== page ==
Yes, Home Alone.

[r] Home Alone, yes! [laughs]. When I was a kid, I saw that movie and I loved it. You know, his mind is nice, so that’s why. I do… We don’t have that in our country. But when I saw that, yes, he’s like me, he’s human. I was a child, I appreciated his spirit. So is had to hear what he said. It is my… my will. So when I saw a lot of movies, I understood the language. And I knew a few words. And it grew. Even now, I still love American movies.

[i] And now here, you can watch more movies.

[r] Yes here, sometimes I go with Bert to the cinema here, I don’t know the street, near the beach, by the river, the harbour of Antwerp. It’s a big cinema…


[r] Kinepolis yes. There I sometimes see films with Bert. He invites me to go there sometimes.

That’s friendly.

[r] That’s how I know English, not from school. That’s why I can talk sometimes… When I speak English, sometimes some words are missing. [laughs]. I add some sign language. [laughs].

[i] But your English is good. It’s good.

[r] Really? Thank you.

[i] I need to study a little.

[r] How do you imagine your future?

[i] I have many hobbies. I think I should do my hobbies, follow them, how to get them.

[r] So right now it’s hard, because I have nothing. I have to work. I need money, because for my hobbies I need material. Because I love music and I’m a DJ, not in the past, so I want to study a little DJ here. Because in Ethiopia I worked with a laptop and [virtual DJ]. Here you need the big DJ-mixers. So that’s what you have to learn. But now it’s difficult because I don’t have a good installation, because you need money. Here in Europe, the necessary for everything is money. “So now, how do I get money?” If you look, you have to work. So I started working. Yes, after one or two years, I don’t know, if God says so, I can get my hobbies. Then I can sing, then I can do… DJs. But my big dream is to have a studio. [laughs]. Yes.

[i] A music studio?

[r] Yes. If I had that, my life would be yes… I’d have everything I want.

[i] Do you want to record music?

[r] Yes.

[i] For yourself? Or for…

[r] For me, if someone…

[i] Do you sing too?

[r] Never before, but I have it in me, that’s a feeling. That’s a feeling.

[i] What kind of music do you like?

[r] I like rap music because it has no laws. Yes… rap music has no law. You can sing whatever you want, the lyrics and the beats, you can mix anything you want. So what I want to sing, you know, just of course, in words… It’s not politics but it’s what’s in people’s hearts. What’s wrong… I don’t know much when I feel something inside, so I can do a lot, I guess. Music changes the world. Through art. If you see something, you can change something. Nobody sees that, but you see it, you feel it. If you have everything you want to do, I can say that. Yes, I hope so. With my mind, the situation, life. Yes, it’s about being good, not bad things. But to be a good person. In life, your life may not be necessary for you, you have no future or anything, but you can live for someone else. At that moment you can feel happy. Sometimes people make money, but the money doesn’t give them happiness. Yes, but if you give it to people who need help, and you do it for him, and he is happy, then not only he is happy, but also you, then you are happy for him. Because… Because he feels happy thanks to you. So that gives me the feeling… Oooh, so…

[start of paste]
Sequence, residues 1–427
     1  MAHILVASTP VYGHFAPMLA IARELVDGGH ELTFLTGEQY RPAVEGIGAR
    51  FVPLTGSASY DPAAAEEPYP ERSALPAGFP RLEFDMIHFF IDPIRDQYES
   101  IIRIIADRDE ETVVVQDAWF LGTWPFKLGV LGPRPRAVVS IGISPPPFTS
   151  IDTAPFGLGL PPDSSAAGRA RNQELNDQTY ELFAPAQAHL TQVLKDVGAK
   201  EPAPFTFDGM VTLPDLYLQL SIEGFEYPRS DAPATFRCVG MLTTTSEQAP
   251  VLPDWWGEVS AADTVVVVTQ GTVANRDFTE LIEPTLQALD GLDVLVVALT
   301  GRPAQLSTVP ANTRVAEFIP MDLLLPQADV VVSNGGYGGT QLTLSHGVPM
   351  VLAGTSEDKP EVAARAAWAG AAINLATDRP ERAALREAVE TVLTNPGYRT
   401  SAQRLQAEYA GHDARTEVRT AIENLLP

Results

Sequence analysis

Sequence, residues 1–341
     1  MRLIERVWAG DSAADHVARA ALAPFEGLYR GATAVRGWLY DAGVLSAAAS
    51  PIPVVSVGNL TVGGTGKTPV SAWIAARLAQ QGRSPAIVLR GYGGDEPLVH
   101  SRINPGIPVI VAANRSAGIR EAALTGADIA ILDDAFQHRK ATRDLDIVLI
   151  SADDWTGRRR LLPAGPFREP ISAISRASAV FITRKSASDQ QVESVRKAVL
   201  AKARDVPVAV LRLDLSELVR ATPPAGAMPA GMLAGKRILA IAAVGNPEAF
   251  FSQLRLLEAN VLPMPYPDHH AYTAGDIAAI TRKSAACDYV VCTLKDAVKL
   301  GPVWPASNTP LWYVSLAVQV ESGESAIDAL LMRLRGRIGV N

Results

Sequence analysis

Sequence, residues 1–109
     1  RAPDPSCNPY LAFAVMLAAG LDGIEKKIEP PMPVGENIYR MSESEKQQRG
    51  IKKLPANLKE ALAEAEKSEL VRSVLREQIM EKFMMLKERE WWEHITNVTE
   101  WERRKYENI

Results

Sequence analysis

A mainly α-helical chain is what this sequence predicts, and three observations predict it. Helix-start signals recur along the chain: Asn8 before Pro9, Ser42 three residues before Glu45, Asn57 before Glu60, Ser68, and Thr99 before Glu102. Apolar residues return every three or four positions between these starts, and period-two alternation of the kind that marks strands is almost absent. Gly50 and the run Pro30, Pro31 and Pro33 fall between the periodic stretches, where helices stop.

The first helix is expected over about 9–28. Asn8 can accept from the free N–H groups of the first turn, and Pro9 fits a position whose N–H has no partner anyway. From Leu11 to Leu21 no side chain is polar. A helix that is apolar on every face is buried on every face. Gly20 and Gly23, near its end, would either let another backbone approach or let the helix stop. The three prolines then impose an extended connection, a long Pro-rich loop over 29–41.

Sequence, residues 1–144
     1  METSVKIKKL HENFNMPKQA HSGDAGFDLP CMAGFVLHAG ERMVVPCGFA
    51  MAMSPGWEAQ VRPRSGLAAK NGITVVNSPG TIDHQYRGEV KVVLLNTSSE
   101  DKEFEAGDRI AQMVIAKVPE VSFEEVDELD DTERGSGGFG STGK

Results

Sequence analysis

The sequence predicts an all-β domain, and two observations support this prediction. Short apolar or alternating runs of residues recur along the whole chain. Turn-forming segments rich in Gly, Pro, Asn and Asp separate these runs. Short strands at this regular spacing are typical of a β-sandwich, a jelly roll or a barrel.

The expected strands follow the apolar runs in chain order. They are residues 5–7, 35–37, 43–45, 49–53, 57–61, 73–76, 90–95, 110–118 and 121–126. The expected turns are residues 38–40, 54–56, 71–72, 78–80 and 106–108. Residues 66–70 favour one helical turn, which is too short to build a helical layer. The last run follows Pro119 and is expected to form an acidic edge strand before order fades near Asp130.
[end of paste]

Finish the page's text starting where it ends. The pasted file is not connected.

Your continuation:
[i] That’s beautiful. Are you happy now?

[r] Yes, very happy. I want to be happy, because yes, oooh. Happiness is your life. We’re dead tomorrow, so if you’re stressed today, stressed tomorrow, stressed every day, then we do nothing for ourselves, for someone else. Then we are gone. So what is the important thing you do on earth, in life? Nothing, not even for yourself. You are not happy in your life. You haven’t even made anyone happy. When they see you, you are always angry. So… When you smile, they smile too. So, something beautiful happens. Even if you have nothing. That’s how I feel.

[i] Yes, that’s true. Thank you.

[r] You’re welcome.